However, this approach can only be used in certain scenarios, because it requires specific infrastructure capacities and applications that allow a corresponding procedure. Alternatively, the specialists can use rolling deployments or phased rollouts.
It is important that the load balancer used supports user persistence so that the dedicated user traffic is always communicated to the same container /server. Now there are scenarios in which parallel operation is not possible.
In order to implement the most frictionless replatforming possible, a classic “staging” is necessary. Attention should be paid to good test coverage with well-thought-out test scenarios and the highest possible test automation. The two most common approaches for testing here are “Test Driven Development” (TDD) and “Test After Development” (TAD).
Since replatforming is often accompanied by new features, tests must also be carried out at different levels, such as unit tests, integration tests or end-to-end tests. The success of all tools, including the automatic updating of components, is based on a solid test concept.
Change as an opportunity
When replatforming, it is important to question the status quo. This includes putting all existing processes and functions to the test. As risky as such IT projects can be, replatforming is first and foremost an immense opportunity to break up deadlocked structures and meet new requirements.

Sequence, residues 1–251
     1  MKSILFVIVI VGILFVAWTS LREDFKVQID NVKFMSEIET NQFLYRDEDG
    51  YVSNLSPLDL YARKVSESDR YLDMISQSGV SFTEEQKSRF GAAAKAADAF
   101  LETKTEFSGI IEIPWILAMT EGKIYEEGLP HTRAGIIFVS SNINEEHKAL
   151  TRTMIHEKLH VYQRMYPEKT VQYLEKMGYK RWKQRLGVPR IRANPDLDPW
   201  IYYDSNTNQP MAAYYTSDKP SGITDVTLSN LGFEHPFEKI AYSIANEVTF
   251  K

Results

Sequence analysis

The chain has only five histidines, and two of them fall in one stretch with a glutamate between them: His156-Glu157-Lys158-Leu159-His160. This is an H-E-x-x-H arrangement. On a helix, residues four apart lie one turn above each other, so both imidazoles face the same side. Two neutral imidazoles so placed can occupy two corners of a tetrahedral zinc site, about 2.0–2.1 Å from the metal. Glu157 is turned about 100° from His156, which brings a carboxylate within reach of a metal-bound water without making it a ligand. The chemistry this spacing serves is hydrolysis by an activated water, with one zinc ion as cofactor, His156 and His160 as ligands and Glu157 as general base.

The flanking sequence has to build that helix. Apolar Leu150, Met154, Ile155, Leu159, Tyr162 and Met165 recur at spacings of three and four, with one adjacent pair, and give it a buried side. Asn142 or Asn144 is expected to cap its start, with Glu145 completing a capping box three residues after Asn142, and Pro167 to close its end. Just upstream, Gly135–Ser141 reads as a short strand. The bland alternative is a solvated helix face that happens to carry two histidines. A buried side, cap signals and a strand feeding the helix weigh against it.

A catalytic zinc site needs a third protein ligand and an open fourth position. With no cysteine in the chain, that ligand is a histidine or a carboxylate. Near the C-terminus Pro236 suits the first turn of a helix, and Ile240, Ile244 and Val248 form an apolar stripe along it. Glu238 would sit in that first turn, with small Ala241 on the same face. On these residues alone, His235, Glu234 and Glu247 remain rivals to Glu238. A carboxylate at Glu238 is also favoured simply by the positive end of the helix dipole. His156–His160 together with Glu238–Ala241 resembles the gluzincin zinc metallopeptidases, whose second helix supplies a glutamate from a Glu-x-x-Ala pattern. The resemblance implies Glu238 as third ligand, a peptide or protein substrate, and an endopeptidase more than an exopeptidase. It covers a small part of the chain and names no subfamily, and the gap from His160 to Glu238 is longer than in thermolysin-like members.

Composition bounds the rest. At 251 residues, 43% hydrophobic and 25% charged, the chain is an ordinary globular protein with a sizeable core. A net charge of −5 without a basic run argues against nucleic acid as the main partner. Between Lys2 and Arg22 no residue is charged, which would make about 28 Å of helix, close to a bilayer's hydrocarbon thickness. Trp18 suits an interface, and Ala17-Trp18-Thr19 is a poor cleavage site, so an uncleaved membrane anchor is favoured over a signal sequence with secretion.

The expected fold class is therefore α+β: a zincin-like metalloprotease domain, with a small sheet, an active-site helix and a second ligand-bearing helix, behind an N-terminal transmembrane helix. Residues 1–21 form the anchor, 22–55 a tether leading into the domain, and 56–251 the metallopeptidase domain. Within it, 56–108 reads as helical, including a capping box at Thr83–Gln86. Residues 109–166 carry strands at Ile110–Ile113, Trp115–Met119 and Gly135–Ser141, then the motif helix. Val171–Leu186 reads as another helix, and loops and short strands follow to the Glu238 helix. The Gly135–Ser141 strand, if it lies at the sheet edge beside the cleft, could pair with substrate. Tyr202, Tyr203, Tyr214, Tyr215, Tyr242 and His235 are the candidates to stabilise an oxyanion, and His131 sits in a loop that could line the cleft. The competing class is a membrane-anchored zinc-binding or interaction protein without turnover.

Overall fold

It is important to have a good prioritization and critical analysis in order to be able to assume technological responsibility. Here, developers are asked to show their employers possible solutions and to create IT structures that enable successful, safe and trouble-free work.
* Bernd Alter is Technical Director at Turbine Kreuzberg. For more than 15 years he has been working at the technology agency with the conception and technical management of software projects. His specialty is PHP, accompanied by infrastructure topics (Docker/Kubernetes and cloud) as well as the development of software and system architectures.